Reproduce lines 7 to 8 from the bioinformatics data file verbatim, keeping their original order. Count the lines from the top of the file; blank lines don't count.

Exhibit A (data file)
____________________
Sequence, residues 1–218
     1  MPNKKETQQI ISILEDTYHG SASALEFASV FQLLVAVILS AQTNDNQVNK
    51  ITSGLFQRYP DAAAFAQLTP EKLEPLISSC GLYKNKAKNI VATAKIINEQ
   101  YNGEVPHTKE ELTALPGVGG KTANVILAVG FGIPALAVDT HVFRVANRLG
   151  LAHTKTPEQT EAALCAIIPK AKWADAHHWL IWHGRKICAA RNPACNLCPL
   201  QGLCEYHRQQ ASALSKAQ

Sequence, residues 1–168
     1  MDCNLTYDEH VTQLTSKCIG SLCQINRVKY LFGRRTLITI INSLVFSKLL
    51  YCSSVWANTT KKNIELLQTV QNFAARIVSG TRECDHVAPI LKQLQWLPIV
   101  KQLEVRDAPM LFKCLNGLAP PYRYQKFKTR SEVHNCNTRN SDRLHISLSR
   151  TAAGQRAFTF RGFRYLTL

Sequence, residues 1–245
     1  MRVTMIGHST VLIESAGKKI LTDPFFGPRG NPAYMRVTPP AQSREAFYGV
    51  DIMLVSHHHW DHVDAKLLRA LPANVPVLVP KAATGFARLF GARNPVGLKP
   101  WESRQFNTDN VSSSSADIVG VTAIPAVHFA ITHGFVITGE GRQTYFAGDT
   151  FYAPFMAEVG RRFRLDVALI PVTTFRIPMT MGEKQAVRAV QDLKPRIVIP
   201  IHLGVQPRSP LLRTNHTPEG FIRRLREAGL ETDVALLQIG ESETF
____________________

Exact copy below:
Sequence, residues 1–168
     1  MDCNLTYDEH VTQLTSKCIG SLCQINRVKY LFGRRTLITI INSLVFSKLL